What is the Cello C32227T2-S2?

The Cello C32227T2-S2 might just be the most unusual TV I’ve ever tested. For starters, it’s a 32-inch set that can run on a built-in battery. It also comes with a car charging adapter and a digital aerial. Two of its USB ports can be used to charge your mobile phone. Most unusually of all, it ships with two wired LED bulbs.

Put all this together and it’s clear this is a TV aimed first and foremost at campers. Surprisingly, it also performs well enough to be a decent second-room home TV, too.

Design and features

The C32227T2-S2’s design is… functional. The screen’s dark grey frame is too plasticky to be stylish.

Its rear is both far chunkier (94mm) and far more plasticky than we’re used to seeing with today’s TVs. Then again, most TVs don’t accommodate a substantial rechargeable battery.

The rather flimsy build quality does at least make the set light enough (5.1kg) to tuck under your arm and move around, and its glass-free finish makes it fairly tolerant of camping clumsiness.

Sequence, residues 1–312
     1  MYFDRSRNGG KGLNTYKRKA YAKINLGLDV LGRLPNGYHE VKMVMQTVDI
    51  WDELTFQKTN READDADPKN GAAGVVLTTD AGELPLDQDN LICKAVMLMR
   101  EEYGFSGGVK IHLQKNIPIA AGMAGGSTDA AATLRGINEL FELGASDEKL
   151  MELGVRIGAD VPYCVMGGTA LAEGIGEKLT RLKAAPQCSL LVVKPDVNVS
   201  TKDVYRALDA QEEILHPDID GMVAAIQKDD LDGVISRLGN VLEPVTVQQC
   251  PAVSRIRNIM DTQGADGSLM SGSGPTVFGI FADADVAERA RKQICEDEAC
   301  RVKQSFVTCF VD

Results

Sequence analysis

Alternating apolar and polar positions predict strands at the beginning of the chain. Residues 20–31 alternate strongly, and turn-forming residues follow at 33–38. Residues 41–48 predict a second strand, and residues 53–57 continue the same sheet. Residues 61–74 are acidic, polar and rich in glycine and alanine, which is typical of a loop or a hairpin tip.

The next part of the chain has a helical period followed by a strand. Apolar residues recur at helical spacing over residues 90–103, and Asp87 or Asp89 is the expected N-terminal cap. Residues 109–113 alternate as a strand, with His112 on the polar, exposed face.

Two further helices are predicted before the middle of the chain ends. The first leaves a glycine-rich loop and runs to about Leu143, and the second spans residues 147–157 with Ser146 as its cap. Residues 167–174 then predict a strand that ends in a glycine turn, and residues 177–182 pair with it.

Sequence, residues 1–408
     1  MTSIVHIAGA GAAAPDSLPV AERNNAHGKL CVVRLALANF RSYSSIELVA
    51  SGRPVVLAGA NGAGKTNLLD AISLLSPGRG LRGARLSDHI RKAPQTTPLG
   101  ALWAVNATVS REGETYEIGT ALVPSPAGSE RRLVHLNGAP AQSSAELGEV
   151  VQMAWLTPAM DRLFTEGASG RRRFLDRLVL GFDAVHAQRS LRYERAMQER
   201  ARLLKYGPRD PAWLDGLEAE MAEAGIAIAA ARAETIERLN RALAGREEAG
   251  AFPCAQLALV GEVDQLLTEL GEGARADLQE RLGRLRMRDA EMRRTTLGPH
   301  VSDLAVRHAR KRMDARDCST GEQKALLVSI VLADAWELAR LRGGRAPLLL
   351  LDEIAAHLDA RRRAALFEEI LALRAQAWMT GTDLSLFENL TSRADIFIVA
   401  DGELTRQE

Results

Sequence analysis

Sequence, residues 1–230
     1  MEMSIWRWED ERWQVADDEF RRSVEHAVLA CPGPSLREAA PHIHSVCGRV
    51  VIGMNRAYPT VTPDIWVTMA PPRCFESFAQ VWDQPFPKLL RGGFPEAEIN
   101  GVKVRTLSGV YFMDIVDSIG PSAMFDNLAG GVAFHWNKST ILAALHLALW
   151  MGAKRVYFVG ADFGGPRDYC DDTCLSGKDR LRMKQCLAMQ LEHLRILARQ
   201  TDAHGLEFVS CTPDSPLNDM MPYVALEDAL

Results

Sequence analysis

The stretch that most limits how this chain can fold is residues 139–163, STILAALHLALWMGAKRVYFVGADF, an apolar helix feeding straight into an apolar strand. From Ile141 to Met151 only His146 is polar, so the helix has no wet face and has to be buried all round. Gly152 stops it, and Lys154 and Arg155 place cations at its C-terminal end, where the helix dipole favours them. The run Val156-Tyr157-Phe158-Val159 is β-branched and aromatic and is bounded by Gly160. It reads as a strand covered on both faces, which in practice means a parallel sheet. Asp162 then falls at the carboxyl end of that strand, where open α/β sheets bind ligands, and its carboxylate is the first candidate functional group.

The C32227T2-S2 really does go the extra mile to keep campers and caravanners happy. The battery life is very impressive. I got seven hours out of it even using the Dynamic picture setting and with the volume running quite loud. This stretches to more like 10 if you can cope with one of the darker picture settings.

The two high-efficiency LED lights you get with the TV come with helpfully long cables, and have on-off switches near the end of each cable. More importantly, it can connect to a digital aerial (included), or a satellite dish if you have one on your camper.

The ability to charge phones via its USB ports, and its provision of standard AC and car voltage chargers, seal the great outdoors deal.

Connections are mostly up to snuff. They comprise two HDMIs, a headphone jack, two 12V outputs, a component video input, a VGA port, a PC audio input, a composite video input, a CI input, and four USBs. Two of the USBs support multimedia playback from USB sticks, or recording from the TV’s tuners to USB HDD.

The only disappointment is that there’s no wireless support – be it Bluetooth or Wi-Fi. So you can’t wirelessly share content on your phone with the TV, or access streamed content.

I guess it’s not common for Wi-Fi to be available on camp sites. Where it is, it might have been nice to be able to stream shows from Netflix and Amazon. Especially as this would remove the need for external source boxes.